The writer of Hornet Heaven, Olly Wicken, has a tale to tell about watching Watford at Vicarage Road in the 1990s.
The Vicarage Road stand was built in 1993. It rose much higher behind the goal than the previous terrace had done. It gave my friends and me something of a bird’s eye view of the place.
This was the era of Keith Dublin, Perry Digweed and Mickey Quinn so, despite the better view, the football really didn’t match up to what we’d seen during the first Graham Taylor era.
On one occasion, in 1995, I was slouching back in my seat and rolling my eyes at another defeat when I spotted something above our heads. There was a dead pigeon slumped on one of the metal rafters. It seemed to sum up the state of things at Vicarage Road.
The pigeon stayed there for several months. It became the focus for our gallows humour. During a grim 1-0 defeat to Huddersfield, I remember, we discussed which current player was doing the best impersonation of the pigeon. (It was Kerry Dixon.)
Over time, we began to joke that hopefully it wasn’t a pigeon, but a phoenix — the mythological bird that regenerates and rises from its ashes, born again. We must have been desperate.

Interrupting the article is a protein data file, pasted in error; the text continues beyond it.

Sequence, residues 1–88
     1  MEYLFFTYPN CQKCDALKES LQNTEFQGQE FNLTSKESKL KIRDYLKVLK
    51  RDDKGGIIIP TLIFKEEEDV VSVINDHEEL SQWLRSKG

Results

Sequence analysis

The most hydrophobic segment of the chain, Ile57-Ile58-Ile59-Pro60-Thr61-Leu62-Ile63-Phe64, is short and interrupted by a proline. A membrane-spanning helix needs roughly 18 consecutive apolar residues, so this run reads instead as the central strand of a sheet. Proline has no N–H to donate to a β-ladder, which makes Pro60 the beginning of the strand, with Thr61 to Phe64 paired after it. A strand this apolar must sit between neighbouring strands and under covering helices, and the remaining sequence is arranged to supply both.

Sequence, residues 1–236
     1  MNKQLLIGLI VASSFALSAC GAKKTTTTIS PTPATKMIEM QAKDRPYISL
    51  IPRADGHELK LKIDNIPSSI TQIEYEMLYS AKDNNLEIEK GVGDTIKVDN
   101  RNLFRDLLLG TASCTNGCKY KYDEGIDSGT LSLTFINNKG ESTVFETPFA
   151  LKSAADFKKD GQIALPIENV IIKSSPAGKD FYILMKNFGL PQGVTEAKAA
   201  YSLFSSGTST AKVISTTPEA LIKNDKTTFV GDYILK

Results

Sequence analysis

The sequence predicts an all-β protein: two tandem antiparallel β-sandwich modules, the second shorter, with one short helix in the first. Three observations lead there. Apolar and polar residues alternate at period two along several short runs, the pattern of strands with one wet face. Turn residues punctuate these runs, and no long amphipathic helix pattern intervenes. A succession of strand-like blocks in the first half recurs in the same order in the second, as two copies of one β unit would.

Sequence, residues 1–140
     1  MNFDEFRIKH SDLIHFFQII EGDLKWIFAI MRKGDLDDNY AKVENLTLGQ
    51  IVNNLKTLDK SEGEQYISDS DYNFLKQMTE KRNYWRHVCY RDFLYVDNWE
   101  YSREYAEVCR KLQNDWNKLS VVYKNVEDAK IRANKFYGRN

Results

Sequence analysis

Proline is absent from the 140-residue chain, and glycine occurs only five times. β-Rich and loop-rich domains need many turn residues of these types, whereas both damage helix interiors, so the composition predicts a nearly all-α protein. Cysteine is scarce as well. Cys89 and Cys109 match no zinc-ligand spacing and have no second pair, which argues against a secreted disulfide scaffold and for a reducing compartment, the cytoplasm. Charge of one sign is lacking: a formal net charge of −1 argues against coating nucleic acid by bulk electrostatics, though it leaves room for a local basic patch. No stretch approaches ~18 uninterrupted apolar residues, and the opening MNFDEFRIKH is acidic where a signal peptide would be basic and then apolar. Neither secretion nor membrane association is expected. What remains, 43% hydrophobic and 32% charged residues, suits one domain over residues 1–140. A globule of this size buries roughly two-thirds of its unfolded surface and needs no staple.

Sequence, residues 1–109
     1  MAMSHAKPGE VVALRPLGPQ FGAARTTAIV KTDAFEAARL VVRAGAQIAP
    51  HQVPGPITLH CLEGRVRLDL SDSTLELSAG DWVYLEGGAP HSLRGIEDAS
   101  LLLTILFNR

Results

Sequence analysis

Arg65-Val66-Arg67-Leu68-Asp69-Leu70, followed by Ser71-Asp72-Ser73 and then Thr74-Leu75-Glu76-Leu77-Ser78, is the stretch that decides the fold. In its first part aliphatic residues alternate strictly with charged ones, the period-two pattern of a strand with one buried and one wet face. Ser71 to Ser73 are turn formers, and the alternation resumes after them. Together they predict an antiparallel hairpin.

By mid-February, Watford were adrift at the bottom of the league table. The manager, Glenn Roeder, was sacked. His replacement (as general manager) was Graham Taylor.
At GT’s first game back, I looked up at the rafters. The bird wasn’t there anymore. Had it been a phoenix after all, I wondered. Was the club regenerating and rising, born again?
Well, you know what happened next.
In 2022, Watford FC will be producing a book to celebrate the centenary of the ground as the club’s home. They’re on the look-out for stories that evoke The Vic.
If there’s something you remember that means a lot to you — a memory from a particular part of the ground, or aspects of the stadium you remember fondly — please share it with the club.
You can email them on email@example.com. Please get in touch with your memories of what you’ve loved about being a fan at The Vic.